Arthur, originally of Wheeling, has a degree in business with emphasis in finance and economics, Salango said.
Arthur and her husband, Adam Arthur, run the indoor Charleston soccer facility Football Factory.
“[Katie Arthur] is very familiar with youth travel sports,” Salango said earlier this week. “She’s worked at the Quantum indoor sports facility and the Football Factory,” Salango said. “She has a lot of contacts in travel sports and can really help create these tournaments and make sure we’re using this facility to its full potential.”
In order to break even and put some money away for the upkeep of the turf, the sports complex needs to host about 15 tournaments a year, Salango said. During the rest of the time, the complex will be available for use by local sports teams, Salango said.
Arthur said she’s “ready to get started and blessed to be a part of the project.”
Before the construction gets underway, the commission still is waiting on an analysis of chemicals tests done at Shawnee Park. The commission announced at a July meeting the results of initial tests done at the property, which indicate that there chemicals in the groundwater and soil gas at the park.
Dow agreed to fund the chemical tests and an “independent consultant’s evaluation” at Shawnee Regional Park after West Virginia State University sued the company alleging that decades of chemical manufacturing at the nearby Institute plant contaminated the groundwater beneath its campus. After the report from CH2M Hill, the commission hired S&S Engineering to do third-party peer-review of the results and to conduct additional core and air tests at the facility. Commission President Kent Carper said the county may have results from that analysis as early as Friday or Monday. Once the results are in, the commission plans to have an open meeting with a representative of the firm to explain the results of the testing.
Carper said the golf course also has fly ash, a derivative of burnt coal. Carper said assuming the results of the analysis are back and officials can understand it, they could make a final decision on the park “soon.”
Carper said the engineering firm looked at the results of the initial tests done at the park and could have stopped the project by now if it thought it should not go forward because of the chemicals at the property.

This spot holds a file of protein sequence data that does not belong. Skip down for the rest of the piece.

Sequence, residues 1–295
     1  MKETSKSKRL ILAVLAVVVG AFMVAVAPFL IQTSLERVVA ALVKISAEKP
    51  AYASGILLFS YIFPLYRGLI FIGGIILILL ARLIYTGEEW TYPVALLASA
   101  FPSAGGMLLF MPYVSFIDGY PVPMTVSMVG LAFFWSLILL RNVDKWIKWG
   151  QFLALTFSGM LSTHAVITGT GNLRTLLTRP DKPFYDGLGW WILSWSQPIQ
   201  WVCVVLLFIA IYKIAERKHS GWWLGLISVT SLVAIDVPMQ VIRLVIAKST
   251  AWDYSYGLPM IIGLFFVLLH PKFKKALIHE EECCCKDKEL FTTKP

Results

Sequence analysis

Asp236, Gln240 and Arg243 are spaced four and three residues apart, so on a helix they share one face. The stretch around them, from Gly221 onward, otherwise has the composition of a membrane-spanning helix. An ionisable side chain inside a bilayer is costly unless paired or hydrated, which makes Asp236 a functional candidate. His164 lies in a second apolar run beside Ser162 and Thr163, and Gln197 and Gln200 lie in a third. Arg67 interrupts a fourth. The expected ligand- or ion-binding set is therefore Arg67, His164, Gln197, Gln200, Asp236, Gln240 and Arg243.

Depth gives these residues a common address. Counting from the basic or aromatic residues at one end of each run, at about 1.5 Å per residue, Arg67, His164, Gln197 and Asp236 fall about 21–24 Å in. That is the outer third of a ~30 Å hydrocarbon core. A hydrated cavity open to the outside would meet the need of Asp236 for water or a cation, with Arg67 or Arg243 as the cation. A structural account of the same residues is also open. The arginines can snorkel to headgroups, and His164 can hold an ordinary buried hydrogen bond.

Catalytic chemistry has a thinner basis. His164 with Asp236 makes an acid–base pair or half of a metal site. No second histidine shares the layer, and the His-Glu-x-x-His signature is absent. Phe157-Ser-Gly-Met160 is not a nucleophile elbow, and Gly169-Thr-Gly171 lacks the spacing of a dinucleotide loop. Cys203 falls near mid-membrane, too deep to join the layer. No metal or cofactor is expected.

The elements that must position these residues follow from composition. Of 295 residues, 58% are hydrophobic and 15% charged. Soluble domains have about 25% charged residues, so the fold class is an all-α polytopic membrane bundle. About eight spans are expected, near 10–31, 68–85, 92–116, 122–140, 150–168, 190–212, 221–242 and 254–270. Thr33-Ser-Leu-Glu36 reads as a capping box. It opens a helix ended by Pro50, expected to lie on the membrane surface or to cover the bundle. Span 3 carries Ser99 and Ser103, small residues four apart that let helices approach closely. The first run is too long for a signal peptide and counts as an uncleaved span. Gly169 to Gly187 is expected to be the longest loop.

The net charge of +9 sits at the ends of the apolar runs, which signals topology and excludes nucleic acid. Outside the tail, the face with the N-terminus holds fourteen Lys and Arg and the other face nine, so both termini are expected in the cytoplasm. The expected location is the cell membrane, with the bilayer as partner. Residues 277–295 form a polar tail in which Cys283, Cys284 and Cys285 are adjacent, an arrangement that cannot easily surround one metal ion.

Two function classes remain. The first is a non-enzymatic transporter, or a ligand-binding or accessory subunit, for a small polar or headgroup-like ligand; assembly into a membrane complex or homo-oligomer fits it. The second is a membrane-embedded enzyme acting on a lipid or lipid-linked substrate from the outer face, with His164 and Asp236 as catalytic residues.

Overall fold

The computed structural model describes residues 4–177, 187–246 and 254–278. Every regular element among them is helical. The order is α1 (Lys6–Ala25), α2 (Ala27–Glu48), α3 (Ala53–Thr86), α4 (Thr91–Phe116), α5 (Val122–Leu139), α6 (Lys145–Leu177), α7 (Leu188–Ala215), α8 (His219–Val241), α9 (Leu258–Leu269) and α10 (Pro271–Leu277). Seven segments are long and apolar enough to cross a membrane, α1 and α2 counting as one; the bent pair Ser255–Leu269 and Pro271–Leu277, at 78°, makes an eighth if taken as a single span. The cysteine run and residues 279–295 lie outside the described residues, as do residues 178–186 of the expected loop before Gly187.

“[The engineer has] been given authority to red line this project himself. Period. And he might,” Carper said.
Adam Krason, of ZMM Architects and Engineers, also showed the commission three new artist renderings of the project. The firm hopes to have the final version of what the park will look like next week, he said.
Also Thursday, the county commission held a public hearing and voted to raise its excise tax for transferring real property by 55 cents for each $500 in value. Carper said the additional money will be used to pay for the county’s jail bill, which is about $5 million a year and continues to increase. Carper said the tax had not been raised in 28 years. The Legislature earlier this year passed Senate Bill 433, which gives counties the ability to raise the tax, he said. Two people spoke out against increasing the tax. Carper said the county will have an additional public hearing about the tax at its next meeting and officials “can always undo it.”
In other business:
- n The commission agreed to support a payment in lieu of taxes for a medical facility that will be operated by Thomas Hospital and Stonerise Health. Carper said the county’s agreement to the PILOT, which would lower the tax burden for the medical center, is contingent on agreement from other affected entities including the county board of education. The agreement will be $50,000 for 15 years, Carper said. The post-acute care facility will bring 100 new jobs to Kanawha County, Carper said. The $17 million facility will be built on the campus of the hospital in South Charleston, officials said. Carper said the city of South Charleston asked the commission to support the PILOT.
- The commission swore in a new sheriff’s deputy, Matthew Wolfe.
- The commission set this year’s trick or treat hours for 6 to 8 p.m., Tuesday, Oct. 31.
- The commission approved the distribution of $700,000 in public safety grants for police, fire and emergency services agencies across the county. The commission also agreed to allocate $10,000 for the Town of Clendenin’s police department, though the town missed the application period for the grant. Newly-elected Mayor Shana Clendenin said the applications were due before she took over as mayor
- County Clerk Vera McCormick said the county will not use its new electronic voting machines during the upcoming special road bond election Oct. 7. McCormick said Gov. Jim Justice stipulated that the election be by paper ballot. The election will cost the county about $250,000 and the state about $3 million, McCormick said. Carper said he supports the bond, saving that the state may have a tragedy if it doesn’t fix its roads.
- The commission agreed to contribute up to $50,000 for a football score board and up to $20,000 for a baseball scoreboard at Riverside High School.
- Commissioners agreed to declare September “Emergency Preparedness Month.”